Chinese Maritime Expansion: From Yellow Sea to Red Sea

Issues Details: 
Vol 10 Issue 1 March - April 2016
Page No.: 
23
Author: 
Vijay Sakhuja
Thursday, March 10, 2016

A report of the Center for Contemporary China issued on 26th February 2016 stated that “China has started building a naval port in Djibouti – its first military supply depot in Africa – as the People’s Liberation Army tries to expand its international presence and security influence”. Located at Doraleh in South Djibouti, the Chinese facility, according to the Report,  “ will be watching one of the world’s busiest waterways through the Suez Canal and supporting the PLA Navy’s operations in the Indian Ocean”.

Wu Qian, Chinese Defence Ministry spokesman also confirmed at a media briefing in late February 2016 that  “The construction of infrastructure and facilities has begun”, adding that “ we have sent some people to work on that”.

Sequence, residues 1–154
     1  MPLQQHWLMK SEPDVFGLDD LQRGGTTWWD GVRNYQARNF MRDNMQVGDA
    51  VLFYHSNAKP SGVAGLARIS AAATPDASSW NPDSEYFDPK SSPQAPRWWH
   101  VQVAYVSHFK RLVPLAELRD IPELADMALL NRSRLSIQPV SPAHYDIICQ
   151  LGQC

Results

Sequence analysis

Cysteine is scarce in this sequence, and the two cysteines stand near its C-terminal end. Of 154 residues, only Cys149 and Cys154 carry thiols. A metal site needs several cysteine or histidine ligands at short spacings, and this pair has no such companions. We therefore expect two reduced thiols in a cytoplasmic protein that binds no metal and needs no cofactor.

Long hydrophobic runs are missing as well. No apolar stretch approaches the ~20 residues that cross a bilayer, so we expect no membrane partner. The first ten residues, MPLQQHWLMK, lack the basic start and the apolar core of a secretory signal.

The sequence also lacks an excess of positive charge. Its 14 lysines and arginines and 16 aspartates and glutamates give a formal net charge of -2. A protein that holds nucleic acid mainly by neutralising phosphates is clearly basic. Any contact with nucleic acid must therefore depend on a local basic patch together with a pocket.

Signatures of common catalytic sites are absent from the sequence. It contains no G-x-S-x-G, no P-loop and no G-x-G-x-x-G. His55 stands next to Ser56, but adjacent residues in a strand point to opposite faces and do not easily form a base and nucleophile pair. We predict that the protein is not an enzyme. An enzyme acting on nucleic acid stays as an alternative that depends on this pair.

Earlier, in December 2015, the Djiboutian foreign minister Mahamoud Ali Youssouf, while confirming that “negotiations have come to an end and the naval base will be built in Djibouti” emphasized that “the goal of the base is to fight against pirates” and “most of all to secure the Chinese ships using this very important strait that is important to all the countries in the world.”

REUTERS reported on 20 Jan 2016 of Djibouti’s three time President, Ismael Omar Guelleh having signed Agreements with China to set up a Trade Zone and establish a legal framework to let Chinese banks operate in Djibouti and to expand “Djibouti’s role for transhipment of goods in trade between China and the rest of the world”.

A Naval Hub